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Re: optimization/9052: in C code, "if" statement fails to executeif optimized
- From: Steven Bosscher <s dot bosscher at student dot tudelft dot nl>
- To: nobody at gcc dot gnu dot org
- Cc: gcc-prs at gcc dot gnu dot org,
- Date: 12 Feb 2003 16:36:01 -0000
- Subject: Re: optimization/9052: in C code, "if" statement fails to executeif optimized
- Reply-to: Steven Bosscher <s dot bosscher at student dot tudelft dot nl>
The following reply was made to PR optimization/9052; it has been noted by GNATS.
From: Steven Bosscher <firstname.lastname@example.org>
Cc: email@example.com, firstname.lastname@example.org, email@example.com,
Eric Botcazou <firstname.lastname@example.org>
Subject: Re: optimization/9052: in C code, "if" statement fails to execute
Date: 12 Feb 2003 17:30:01 +0100
Op wo 12-02-2003, om 17:24 schreef Richard Earnshaw:
> > Reading specs from
> > /opt/experimental/lib/gcc-lib/i586-pc-linux-gnu/3.4/specs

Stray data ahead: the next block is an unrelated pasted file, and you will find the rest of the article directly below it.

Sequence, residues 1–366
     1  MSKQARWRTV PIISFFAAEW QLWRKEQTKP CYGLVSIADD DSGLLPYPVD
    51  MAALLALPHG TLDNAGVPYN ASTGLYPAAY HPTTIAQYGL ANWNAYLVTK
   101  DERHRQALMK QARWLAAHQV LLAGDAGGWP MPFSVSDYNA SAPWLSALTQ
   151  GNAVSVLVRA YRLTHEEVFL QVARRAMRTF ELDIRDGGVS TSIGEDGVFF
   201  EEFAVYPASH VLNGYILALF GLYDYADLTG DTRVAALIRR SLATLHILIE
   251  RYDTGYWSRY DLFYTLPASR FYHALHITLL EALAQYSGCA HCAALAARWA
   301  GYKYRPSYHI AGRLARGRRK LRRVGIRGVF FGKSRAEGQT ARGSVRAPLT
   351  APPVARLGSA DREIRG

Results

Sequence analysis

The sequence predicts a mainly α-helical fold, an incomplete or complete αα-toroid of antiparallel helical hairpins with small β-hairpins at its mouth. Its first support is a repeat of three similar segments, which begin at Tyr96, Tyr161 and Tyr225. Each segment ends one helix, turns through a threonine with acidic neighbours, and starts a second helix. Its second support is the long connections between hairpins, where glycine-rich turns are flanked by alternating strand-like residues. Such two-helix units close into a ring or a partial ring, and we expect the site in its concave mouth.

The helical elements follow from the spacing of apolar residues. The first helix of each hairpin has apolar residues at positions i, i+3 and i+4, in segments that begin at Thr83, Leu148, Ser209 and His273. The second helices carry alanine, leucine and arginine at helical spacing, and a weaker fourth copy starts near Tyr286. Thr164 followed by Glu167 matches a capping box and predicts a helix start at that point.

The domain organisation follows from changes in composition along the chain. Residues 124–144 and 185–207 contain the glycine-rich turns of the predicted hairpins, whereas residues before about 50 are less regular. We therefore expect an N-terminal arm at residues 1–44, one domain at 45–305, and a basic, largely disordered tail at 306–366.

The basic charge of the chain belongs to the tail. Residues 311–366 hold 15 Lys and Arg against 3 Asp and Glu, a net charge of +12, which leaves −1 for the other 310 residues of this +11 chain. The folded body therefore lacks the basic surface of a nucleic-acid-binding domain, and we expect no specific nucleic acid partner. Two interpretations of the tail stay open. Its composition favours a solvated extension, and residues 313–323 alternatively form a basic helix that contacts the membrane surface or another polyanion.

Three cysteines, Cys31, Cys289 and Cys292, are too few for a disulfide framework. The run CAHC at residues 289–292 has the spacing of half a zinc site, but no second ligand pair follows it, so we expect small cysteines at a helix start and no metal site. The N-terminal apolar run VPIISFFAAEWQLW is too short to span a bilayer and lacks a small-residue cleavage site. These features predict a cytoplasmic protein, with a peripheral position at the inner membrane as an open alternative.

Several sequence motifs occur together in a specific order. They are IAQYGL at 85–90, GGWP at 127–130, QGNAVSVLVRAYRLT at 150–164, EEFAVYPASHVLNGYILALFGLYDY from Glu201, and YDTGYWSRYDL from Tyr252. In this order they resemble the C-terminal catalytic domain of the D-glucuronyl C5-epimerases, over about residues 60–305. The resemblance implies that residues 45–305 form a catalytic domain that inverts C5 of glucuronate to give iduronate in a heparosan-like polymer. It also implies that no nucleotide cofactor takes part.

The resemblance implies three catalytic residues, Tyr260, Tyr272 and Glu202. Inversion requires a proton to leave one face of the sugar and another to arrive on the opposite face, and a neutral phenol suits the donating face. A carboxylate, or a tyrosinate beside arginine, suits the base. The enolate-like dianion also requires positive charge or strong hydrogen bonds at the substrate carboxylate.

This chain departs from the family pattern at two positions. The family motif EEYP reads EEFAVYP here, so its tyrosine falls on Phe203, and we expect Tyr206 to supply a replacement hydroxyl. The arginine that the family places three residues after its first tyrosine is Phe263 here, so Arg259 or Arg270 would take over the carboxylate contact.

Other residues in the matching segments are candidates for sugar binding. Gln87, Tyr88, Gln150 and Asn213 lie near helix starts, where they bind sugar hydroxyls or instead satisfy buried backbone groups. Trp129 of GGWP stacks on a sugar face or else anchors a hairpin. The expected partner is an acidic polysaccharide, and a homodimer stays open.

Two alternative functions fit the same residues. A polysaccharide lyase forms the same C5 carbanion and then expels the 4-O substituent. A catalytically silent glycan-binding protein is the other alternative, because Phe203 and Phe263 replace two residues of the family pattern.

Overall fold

> > Configured with: ../gcc-trunk/configure --disable-nls --with-gnu-as
> > --with-gnu-ld --prefix=/opt/experimental --program-suffix=-3.4
> > --enable-languages=c
> > Thread model: posix
> > gcc version 3.4 20030211 (experimental)
> > Output from this testcase:
> > gcc version: at -O0 at -O1 at -O2
> > 2.95.3 22 22 22
> > 3.4 exp. 22 256 256
> > After uncommenting the printf, gcc 3.4 also prints 22 at -O1 and -O2.
> > I have looked for documentation about this change in behavior but it
> > doesn't seem to exist. I'm not a floating point specialist, but
> > generally, comparing floats for equality doesn't seem like the best
> > thing to do. However, since it apparently worked with older gcc
> > versions, I suppose one could qualify this as a regression...
> > Eric, I CC'ed you as the Great C Bug Squasher. Do you think this is a
> > regression, and if so, change the status in GNATS?
> Adding -ffloat-store will probably also make the "misbehaviour" go away.
> GCC is almost certainly using the register result from the current
> iteration to compare with the memory result from an earlier iteration.
> Since the register result has excess precision the compare for equality
> fails. That's not a bug, it's just the FP works on the X86.
> So in summary, almost certainly "not a bug".
Still it is a change in behavior of the generated code. Should it be